What if politicians at the state, local and federal level got together and took the long term economic viability of this entire region more seriously? What if they opened up a layered form of incentives for direct investment into the region? The counties considered at risk and distressed offering the greatest incentives for investors. What if all of Appalachia was designated an economic enterprise zone? If not all of Appalachia, why not Central Appalachia? *(I know there has long been a raging debate about enterprise zones, but I’ll leave that up to you to research on your own. However, let’s just say I’m extremely open to the idea!)

 Appalachia has seen more than its fair share of failures in keeping up with national averages in economic diversification, high school and college graduation rates, and a host of other measures that you can dig up online. The people of Appalachia aren’t afraid of failure. They aren’t intimidated by playing from behind, so to speak. What people fear most is not having the resources and capital available to try.

 Appalachia…home to a pioneer spirit, people willing to swing for the fences, and opportunities waiting around every mountain. What if…?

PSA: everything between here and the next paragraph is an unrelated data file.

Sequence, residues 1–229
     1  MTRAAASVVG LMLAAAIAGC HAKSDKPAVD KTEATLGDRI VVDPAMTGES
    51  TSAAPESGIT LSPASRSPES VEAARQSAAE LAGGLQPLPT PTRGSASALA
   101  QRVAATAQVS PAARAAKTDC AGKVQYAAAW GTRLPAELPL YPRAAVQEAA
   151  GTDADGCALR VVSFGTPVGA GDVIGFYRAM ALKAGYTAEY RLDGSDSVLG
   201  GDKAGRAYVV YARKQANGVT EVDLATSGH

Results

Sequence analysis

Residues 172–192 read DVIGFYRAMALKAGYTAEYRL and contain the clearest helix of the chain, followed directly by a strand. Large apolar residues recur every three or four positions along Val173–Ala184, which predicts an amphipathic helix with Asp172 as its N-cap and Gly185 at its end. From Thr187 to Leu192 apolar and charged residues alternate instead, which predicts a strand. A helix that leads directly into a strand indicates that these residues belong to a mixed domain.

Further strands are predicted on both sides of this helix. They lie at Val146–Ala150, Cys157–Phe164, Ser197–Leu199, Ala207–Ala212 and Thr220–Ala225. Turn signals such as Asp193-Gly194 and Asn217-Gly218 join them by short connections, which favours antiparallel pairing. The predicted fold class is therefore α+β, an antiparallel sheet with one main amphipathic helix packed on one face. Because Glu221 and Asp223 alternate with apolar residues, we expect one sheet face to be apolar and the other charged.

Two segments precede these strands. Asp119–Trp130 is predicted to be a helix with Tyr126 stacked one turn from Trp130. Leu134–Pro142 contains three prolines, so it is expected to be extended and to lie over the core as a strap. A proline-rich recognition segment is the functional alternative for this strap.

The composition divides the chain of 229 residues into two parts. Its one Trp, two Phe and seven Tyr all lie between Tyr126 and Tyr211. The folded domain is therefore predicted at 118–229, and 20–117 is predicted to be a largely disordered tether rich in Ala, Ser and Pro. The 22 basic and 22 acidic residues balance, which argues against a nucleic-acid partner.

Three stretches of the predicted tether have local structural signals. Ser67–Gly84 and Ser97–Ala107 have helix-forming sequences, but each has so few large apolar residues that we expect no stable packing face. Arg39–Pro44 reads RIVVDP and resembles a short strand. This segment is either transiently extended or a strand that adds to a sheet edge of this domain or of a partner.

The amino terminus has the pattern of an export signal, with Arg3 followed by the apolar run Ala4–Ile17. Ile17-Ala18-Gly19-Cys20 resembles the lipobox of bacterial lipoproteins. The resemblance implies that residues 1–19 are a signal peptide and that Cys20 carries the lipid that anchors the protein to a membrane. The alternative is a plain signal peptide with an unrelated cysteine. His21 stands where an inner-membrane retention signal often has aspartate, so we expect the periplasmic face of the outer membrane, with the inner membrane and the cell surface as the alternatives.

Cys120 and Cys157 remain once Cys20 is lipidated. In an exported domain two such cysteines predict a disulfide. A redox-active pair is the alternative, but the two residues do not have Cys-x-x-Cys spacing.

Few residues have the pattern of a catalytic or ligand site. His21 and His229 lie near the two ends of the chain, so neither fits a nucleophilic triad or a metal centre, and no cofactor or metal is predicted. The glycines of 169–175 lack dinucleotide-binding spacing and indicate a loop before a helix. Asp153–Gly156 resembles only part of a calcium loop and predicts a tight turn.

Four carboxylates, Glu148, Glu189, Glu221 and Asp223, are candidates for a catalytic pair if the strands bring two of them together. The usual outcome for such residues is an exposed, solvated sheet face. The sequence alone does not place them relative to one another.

Appalachia is an experience and a destination!

Protecting Our Environment 

More to come on this.

Wanted: An Appalachian Success Story

The Case For An Enterprise Zone

*Originally written in 2016

J.C. Schweingrouber

President, Foundation For Appalachian Advancement


It seems like all my life I’ve heard politicians (local, state, and federal) talk about helping raise the economic standard of living and bringing in more jobs for the folks in the poorest counties of Appalachia. Seems like? Hell, it has been all my life. People twice my age can make the same claim and probably their kin folks before them. Hearing politicians promising economic changes and not delivering in Appalachia seems to be a tradition by now. We never get regular visits from Governors or Senators in many parts of Appalachia until it’s time to ask for a vote. (*Let’s exclude West Virginia from that statement since the entire state is in Appalachia.)


The Appalachian Regional Commissions (ARC) provides a lot of great research about the various statistics of Appalachia. One in particular is a color coded map of County Economic Status. Here’s the link:


They break down the level of economic development into five categories. Those are: